ORO: Opus Primum
, May 10th, 2012 08:23
There's a classic episode of The Simpsons in which Homer, after having lambasted every single entry in Springfield's annual chili cook-off, samples several of Chief Wiggum's 'Merciless Peppers of Quetzlzacatenango' and, as a result, proceeds to embark upon the most densely cosmic and hallucinatory journey imaginable. After encountering a giant snake, a psychedelic butterfly and accidentally breaking the sun, Homer's trip culminates in a deeply spiritual encounter with a space coyote who leads him to question the very foundations of his own existence. Now, in your minds, if you can replace the image of a space coyote with that of three imposing stoners with long hair and massive beards, you should be left with the visual equivalent to an ungodly slab of psychedelic doom metal that goes by the name of Opus Primum.
Serving as the first installment in UFOmammut's two-part Oro project, Opus Primum is unashamedly grand in both its scope and sheer ambition. Containing the first five of the project's ten movements, the one thing that becomes apparent upon first listen is the band's immense grasp on dynamics. Opening with an extremely minimal and foreboding synth loop, this tranquil idea is repeated sparsely while a wall of noise gradually builds around it, eventually erupting into a devastatingly doom-ridden crescendo. This may be a well-worn musical technique in 2012, but UFOmammut seem to be well aware of that, using the idea very sparingly throughout and only to advantage of the given piece. Regardless of pace, the music constantly moves forward with a sense of lumbering intensity, be it during a crushing blast of sludge metal or an extremely minimal passage consisting only of whirring electronics.
The band have explicitly stated that Oro should be viewed as one comprehensive piece of music and, as if to reinforce this idea, musical motifs and themes are often revisited and repeated throughout Opus Primum, cleverly reminding the listener that what they are hearing should be heard as such. Given the flawless ease with which each movement flows into the next, it's very easy to see why they possess such a mindset.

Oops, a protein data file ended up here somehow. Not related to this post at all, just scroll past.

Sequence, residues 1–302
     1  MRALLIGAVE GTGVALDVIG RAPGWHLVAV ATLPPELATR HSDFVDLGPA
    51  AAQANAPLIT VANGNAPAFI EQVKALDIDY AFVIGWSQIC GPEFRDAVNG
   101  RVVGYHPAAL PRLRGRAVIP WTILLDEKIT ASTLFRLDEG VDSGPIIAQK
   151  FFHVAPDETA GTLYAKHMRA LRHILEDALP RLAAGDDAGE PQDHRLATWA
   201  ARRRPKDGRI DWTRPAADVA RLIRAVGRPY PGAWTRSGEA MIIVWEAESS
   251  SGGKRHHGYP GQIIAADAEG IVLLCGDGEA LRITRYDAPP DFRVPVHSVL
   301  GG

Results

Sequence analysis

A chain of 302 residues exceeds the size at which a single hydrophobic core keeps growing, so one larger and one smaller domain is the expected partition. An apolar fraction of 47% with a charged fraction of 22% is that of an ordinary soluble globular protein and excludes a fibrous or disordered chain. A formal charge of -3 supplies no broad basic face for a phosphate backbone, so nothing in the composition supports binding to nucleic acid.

Whilst many of their peers are content to turn their fuzz pedals up to eleven and furiously bludgeon their way through fifty minutes of leaf-based worship, this is a path that UFOmammut have always steered sensibly clear of. Since their inception nearly fifteen years ago, they have noticeably developed an ever-increasing respect and knack for the art of songwriting. Unlike many, the band do not suffocate their own songs with a lumbering mass of atonal distortion, but instead let their songs breathe and develop at their own natural pace, peppering the music with fascinating sonic touches and subtle flashes of sound that the listener may not have picked up on initially, striking a perfect balance between light and shade. Their musical vision is one that's so obviously well-honed that they know exactly when to kick the music into overdrive before lulling the listener back into a state of sonic paralysis. This technique of theirs is undoubtedly put to its best use yet on Opus Primum.
For many, the news of an artist releasing a double-album, especially in two separate parts, may justifiably warrant an internal groan. At their best, double-albums are able to brilliantly showcase an artist's outpouring creative diversity, but at their worst, they are exercises in sheer delusion, misguided judgment and shameless self-indulgence (Lulu, I'm scowling in your general direction). Opus Primum may be the only chapter we've heard in the Oro saga thus far, but judging by its immense execution and focus, combined with the band's already stunning track record, UFOmammut have clearly opted for the former.